For Lent this year I’m reading a book called 40 days of Decrease by Alicia Britt Chole. Each day has a scripture reading and mini lesson, a passage about Lent, and a focus on something to fast for the day: Regrets, Tidy Faith, Rationalism, Isolation, etc. It’s been an interesting read so far, and a good reminder of love, self-care, discipline, and sacrifice. It’s a great way to focus my daily devotional and bible study time, and to get a fresh outlook on scripture passages and stories I already know well. The more I immerse myself in God’s word, the stronger my faith becomes, and the more I see the relevance in my own life – as God planned it of course.

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6 Months Post Spinal Fusion

It hardly seems possible that it’s really been 6 months since my surgery, but I can’t deny the truth of the calendar. I’ve gone from the heat of summer, to a beautiful fall of color, to the depths of a snow packed winter. I’ve gone from walking with a walker, to a cane, to slow but deliberate walking, to the ability to walk as much as I want. I’ve gone from no lifting, bending, twisting, through a slow and steady recovery, to being able to lift what I need, bend forward and touch my toes, and gentle twists in my upper body. I’ve learned how to protect my back muscles and keep my spine stable. I’ve learned to kneel and squat down instead of bending at the waist to reach things on the floor. I’ve strengthened my hips and legs, and I’ve worked to strengthen my core muscles, the big and little ones, and I’ve worked to strengthen and stretch my back muscles and the muscles in my legs and hips. It’s been a huge recovery process, but I feel good with my process and what I can do now.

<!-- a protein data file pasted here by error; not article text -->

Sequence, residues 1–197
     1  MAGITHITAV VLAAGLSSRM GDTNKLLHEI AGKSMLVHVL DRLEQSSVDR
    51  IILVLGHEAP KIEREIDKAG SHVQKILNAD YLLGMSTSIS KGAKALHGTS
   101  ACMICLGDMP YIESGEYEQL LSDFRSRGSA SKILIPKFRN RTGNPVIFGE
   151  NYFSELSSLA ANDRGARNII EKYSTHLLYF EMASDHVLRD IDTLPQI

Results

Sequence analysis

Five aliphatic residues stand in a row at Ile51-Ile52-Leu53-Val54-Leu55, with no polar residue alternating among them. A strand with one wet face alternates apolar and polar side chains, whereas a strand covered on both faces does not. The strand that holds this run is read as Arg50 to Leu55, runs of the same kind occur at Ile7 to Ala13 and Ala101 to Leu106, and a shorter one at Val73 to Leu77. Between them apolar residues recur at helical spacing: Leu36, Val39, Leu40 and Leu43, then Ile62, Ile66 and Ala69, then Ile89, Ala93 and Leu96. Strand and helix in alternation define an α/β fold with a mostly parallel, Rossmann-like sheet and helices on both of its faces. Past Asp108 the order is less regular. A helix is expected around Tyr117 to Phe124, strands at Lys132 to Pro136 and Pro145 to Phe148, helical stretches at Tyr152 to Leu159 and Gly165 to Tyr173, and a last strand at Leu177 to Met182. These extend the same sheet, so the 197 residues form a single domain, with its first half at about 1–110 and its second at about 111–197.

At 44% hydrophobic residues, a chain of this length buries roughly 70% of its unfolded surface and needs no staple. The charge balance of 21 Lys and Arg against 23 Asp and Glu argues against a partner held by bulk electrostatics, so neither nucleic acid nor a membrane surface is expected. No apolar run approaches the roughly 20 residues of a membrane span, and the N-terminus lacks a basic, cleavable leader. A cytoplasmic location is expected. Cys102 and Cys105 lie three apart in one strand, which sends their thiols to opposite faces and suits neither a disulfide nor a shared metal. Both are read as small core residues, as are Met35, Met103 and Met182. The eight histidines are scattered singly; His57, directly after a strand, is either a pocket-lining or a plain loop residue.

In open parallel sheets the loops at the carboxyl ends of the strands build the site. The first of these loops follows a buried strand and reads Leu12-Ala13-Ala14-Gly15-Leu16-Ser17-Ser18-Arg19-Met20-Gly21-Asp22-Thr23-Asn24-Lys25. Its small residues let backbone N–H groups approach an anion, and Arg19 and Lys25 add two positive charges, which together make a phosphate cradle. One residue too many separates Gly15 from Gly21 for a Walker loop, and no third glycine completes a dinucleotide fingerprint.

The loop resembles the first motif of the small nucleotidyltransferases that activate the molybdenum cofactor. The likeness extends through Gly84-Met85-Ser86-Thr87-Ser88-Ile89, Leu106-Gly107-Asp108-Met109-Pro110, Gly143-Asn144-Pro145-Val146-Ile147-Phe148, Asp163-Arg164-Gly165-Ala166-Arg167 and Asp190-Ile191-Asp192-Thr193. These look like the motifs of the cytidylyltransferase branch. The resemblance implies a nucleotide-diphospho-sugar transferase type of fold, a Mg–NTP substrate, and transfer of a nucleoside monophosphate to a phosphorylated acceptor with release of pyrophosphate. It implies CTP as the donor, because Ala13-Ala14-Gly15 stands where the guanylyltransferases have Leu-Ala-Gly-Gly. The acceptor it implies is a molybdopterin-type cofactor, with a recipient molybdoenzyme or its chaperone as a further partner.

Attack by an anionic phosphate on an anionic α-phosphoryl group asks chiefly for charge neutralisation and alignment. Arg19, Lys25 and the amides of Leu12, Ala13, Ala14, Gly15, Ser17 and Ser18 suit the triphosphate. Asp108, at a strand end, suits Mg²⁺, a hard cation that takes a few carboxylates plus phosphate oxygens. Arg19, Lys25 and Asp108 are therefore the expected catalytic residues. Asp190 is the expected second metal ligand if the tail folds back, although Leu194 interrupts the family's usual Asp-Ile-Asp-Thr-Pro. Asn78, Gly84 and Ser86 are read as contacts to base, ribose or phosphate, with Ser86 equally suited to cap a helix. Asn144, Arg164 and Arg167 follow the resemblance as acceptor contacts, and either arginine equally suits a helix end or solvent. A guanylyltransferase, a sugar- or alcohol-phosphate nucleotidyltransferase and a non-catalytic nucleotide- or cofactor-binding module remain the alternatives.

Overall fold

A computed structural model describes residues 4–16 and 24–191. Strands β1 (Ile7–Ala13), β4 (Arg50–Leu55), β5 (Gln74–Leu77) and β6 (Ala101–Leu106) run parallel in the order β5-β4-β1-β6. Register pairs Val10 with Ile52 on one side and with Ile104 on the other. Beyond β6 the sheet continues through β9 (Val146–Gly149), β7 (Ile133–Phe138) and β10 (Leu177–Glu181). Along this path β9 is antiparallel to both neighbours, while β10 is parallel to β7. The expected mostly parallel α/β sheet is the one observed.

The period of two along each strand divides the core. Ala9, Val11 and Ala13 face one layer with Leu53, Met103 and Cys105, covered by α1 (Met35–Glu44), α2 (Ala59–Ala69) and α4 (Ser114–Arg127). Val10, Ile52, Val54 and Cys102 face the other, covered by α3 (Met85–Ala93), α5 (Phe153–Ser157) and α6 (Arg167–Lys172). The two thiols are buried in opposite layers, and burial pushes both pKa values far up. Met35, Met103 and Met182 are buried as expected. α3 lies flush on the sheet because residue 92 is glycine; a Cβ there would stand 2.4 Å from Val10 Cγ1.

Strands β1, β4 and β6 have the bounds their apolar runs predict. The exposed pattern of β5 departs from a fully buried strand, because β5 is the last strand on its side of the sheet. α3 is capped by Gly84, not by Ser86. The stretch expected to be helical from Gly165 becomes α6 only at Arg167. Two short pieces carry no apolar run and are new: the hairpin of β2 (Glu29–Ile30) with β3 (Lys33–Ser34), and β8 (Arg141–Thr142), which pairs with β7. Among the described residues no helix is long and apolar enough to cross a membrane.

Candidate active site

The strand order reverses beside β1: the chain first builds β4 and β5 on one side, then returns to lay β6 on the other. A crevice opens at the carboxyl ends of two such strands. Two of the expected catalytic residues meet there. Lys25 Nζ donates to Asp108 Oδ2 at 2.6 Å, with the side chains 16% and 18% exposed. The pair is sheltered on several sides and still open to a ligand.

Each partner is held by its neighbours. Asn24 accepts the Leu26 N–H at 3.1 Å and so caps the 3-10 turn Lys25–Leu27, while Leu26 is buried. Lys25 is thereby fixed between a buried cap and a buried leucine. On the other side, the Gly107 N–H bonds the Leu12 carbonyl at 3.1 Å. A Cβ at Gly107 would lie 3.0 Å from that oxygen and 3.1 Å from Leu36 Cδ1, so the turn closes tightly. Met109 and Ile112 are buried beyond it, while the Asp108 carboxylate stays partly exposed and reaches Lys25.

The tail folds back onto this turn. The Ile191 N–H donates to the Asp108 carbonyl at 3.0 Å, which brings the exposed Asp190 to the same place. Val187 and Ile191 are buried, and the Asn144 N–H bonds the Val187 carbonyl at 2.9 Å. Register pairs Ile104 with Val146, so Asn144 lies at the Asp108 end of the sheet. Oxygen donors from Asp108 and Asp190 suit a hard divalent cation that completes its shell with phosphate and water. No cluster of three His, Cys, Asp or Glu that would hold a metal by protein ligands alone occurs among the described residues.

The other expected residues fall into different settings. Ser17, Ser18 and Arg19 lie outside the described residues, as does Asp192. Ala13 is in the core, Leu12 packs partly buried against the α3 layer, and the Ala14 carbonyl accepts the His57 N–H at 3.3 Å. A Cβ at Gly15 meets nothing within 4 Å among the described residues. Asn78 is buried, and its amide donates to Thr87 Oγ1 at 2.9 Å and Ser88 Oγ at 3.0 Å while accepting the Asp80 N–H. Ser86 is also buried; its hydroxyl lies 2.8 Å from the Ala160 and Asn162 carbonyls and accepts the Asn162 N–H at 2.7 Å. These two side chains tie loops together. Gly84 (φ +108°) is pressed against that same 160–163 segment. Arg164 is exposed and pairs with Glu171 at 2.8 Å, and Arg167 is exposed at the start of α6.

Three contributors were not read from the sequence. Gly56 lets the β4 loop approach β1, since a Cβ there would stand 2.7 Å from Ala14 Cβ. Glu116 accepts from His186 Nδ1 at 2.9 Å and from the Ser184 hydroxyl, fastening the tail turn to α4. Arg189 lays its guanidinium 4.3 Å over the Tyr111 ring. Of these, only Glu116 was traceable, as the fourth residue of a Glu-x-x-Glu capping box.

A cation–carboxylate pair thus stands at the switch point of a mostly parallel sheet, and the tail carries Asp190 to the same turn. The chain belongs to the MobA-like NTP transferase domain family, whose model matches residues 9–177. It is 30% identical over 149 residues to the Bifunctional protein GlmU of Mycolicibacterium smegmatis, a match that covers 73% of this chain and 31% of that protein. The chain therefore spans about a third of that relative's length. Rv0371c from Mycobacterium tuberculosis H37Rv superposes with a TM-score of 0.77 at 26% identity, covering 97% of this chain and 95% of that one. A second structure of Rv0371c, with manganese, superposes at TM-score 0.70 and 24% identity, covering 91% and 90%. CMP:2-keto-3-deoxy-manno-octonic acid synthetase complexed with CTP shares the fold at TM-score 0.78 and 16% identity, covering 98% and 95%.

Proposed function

This past week I had a visit with my surgeon. New x-rays show my fusion is growing stronger, and all the rods and screws and cages are doing their job. He is pleased with my progress, and the strength and flexibility I’ve gained. He commented that it looked like I’d dropped a few pounds (yes, validation!), and that it looked like I was more comfortable. I agreed with him, and asked him about continuing restrictions. For the past 6 months I’ve been to avoid using a heating pad, and no use of NSAIDS. I’m cleared to use them now if i feel the need. I’m cleared to lift safely and smartly. We talked about craft shows, and that I am to be careful and not lifting while bending or twisting, and to keep my boxes packed on the light side. I’m allowed to walk, jog if I want (not likely), ride a bike, swim (also not likely), and do as much yoga as I like so long as I’m careful during twisting poses and don’t ask too much of my body. I’m to be careful and extra cautious in the snow and ice – NO FALLING. The fusion itself will continue to heal for the next year, but I’m right on track. His parting words to me were, “Call me if something comes up, but you MUST DO YOUR EXERCISES EVERYDAY FOR THE REST OF YOUR LIFE.” Alrighty then, message delivered doc!